‘Guilty on all counts,’ says jury in Domino’s Pizza stabbing

Christopher V. Cowan with attorney Jennifer Bartlett.
Christopher V. Cowan with attorney Jennifer Bartlett.
An eight-woman, four-man jury Thursday afternoon convicted 34-year-old Christopher V. Cowan on all counts in connection with the Jan. 17 near-fatal stabbing of a 40-year-old Edmonds Domino’s Pizza delivery driver. The jury found Cowan guilty of one count of attempted second-degree murder, one count of first-degree assault with a deadly weapon, and one count of first-degree robbery in the bloody assault on Domino’s employee Mike Brenick. Prosecutor Craig Matheson had originally asked for first degree attempted murder, but gave the jury the option to convict on the lesser charge if they deemed it more appropriate.

According to information presented in court, on the night of Jan. 17 at approximately 11:40 p.m., Brenick was preparing to go out on a delivery. As he approached his car carrying the food order, he noticed someone in the driver’s seat appearing to be stealing property. He opened the car door to challenge the suspect, and in the ensuing scuffle was stabbed three times, with one wound causing his intestines to spill out.

The Domino's Pizza store on Highway 99 in Edmonds.
The stabbing took place behind this Domino’s Pizza location at 22914 Highway 99 in Edmonds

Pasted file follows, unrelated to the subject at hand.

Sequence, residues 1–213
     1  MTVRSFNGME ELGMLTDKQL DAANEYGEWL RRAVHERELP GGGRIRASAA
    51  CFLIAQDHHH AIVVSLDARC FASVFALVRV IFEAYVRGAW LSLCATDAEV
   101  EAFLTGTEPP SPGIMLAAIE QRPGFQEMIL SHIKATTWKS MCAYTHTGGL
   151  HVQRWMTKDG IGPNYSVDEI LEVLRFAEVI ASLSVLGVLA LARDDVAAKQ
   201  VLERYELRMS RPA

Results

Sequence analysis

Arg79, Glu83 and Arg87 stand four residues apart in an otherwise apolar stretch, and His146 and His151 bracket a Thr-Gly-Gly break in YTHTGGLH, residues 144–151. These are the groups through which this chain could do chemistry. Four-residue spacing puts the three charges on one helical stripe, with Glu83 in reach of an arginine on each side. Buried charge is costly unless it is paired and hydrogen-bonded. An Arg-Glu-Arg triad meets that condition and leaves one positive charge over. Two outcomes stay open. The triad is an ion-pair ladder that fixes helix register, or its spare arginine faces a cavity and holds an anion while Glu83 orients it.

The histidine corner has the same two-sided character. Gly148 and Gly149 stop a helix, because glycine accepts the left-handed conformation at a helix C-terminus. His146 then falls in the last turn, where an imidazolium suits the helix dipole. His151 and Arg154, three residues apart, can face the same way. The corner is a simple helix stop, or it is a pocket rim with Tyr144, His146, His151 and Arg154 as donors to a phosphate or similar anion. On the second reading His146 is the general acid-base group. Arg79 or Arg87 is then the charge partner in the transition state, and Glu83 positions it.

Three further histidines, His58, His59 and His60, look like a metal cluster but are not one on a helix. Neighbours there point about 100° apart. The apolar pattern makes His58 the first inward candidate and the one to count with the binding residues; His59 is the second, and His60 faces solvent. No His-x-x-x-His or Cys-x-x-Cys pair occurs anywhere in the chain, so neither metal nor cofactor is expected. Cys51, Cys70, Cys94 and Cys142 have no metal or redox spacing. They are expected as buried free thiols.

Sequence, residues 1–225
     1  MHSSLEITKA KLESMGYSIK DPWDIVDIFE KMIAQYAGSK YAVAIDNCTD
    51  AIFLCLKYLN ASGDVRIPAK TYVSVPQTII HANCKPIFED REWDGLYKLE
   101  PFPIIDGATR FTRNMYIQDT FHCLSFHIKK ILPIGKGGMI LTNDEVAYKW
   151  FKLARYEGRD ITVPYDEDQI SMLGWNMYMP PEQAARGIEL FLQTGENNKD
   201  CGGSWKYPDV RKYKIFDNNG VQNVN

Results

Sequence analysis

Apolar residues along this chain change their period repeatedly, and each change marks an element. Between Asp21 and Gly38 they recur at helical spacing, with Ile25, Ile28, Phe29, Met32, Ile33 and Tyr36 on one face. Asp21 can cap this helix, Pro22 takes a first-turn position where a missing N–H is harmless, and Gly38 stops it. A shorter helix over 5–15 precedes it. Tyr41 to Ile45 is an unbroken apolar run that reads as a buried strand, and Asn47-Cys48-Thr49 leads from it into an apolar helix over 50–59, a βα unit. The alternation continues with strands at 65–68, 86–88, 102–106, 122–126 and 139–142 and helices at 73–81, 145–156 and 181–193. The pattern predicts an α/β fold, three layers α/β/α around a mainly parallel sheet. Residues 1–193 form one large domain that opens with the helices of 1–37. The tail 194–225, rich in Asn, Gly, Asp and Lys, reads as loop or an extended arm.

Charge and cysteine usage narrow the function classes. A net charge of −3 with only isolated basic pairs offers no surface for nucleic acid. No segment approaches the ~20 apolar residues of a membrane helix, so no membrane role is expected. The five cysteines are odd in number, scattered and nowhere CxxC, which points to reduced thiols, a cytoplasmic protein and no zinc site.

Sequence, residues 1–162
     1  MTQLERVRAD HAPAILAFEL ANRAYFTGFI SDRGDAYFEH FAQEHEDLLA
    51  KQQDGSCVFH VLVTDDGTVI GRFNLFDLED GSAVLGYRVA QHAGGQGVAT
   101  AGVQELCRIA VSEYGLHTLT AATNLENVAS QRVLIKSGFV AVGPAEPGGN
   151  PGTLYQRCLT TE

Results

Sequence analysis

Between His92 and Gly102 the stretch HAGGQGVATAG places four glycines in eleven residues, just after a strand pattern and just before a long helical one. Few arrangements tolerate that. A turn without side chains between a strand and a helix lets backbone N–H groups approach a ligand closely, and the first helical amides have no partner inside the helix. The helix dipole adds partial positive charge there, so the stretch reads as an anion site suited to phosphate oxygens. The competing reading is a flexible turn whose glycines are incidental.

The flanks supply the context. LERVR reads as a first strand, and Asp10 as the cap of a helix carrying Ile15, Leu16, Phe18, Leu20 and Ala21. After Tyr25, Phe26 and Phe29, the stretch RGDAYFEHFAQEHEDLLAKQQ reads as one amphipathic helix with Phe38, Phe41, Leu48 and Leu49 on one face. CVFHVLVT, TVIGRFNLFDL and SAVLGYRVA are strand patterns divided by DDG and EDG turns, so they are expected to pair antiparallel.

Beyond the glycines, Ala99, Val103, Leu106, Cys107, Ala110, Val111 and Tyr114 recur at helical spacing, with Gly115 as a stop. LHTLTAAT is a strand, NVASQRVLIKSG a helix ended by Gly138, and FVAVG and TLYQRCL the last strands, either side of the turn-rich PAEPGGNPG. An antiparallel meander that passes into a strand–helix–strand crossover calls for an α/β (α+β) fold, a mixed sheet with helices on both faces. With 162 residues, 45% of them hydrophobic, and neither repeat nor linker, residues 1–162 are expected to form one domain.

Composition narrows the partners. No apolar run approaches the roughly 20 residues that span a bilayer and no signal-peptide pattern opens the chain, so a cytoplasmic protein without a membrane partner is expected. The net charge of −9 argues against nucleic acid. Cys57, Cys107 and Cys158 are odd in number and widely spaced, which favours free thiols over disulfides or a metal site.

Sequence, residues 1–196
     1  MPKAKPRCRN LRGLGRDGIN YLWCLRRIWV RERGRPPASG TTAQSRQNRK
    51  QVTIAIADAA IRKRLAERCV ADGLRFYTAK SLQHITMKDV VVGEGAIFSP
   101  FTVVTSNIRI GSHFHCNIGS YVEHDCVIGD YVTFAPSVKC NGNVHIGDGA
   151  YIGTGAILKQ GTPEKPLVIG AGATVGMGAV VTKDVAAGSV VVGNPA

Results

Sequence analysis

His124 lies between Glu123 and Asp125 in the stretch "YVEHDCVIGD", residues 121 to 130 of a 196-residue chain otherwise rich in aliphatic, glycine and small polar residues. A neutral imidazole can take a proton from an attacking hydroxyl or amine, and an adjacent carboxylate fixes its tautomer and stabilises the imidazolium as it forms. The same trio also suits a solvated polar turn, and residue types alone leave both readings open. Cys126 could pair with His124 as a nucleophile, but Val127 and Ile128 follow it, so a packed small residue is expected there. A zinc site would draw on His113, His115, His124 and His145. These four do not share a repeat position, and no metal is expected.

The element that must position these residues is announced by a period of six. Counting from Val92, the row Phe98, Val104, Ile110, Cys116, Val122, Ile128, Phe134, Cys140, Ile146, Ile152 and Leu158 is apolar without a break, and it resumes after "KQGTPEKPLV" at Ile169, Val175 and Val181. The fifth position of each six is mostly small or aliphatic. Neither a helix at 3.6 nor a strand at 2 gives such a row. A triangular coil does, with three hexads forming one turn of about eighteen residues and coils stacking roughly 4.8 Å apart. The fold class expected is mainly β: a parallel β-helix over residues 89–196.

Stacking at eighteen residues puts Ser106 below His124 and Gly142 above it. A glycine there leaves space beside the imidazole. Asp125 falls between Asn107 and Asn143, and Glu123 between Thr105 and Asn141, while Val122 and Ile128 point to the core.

Holding his abdomen, he limped back to the store, where other employees called 911. First responders stabilized Brenick at the scene, and he was rushed to Harborview Hospital where he underwent emergency surgery. He has since recovered and is doing well. The assailant escaped on foot and was unsuccessfully pursued by an Edmonds Police K-9 team. Subsequent investigation identified the suspect as Cowan, and he was picked up Jan. 21 while walking on Highway 99 in Shoreline. Read more details in My Edmonds News coverage of the first day of the trial.

The trial began on Oct. 19 and unfolded over eight days before Judge Richard Okrent in Snohomish County Superior Court. Key to the prosecution’s case was a fingerprint found on an item taken from the victim’s car that matched Cowan’s left thumb. The item, a manila envelope containing Brenick’s auto insurance documents, was discarded by the assailant and recovered by police during the K-9 track. Cowan’s defense team steadfastly maintained his innocence, calling the fingerprint evidence flawed. But in the end the jury disagreed.

Cowan remains in custody. Sentencing is scheduled for Nov. 20.

— By Larry Vogel


  1. Truly scary stuff! I live in the general area and I’m relieved to hear there is one less stabby person wandering around at night looking for things to steal.

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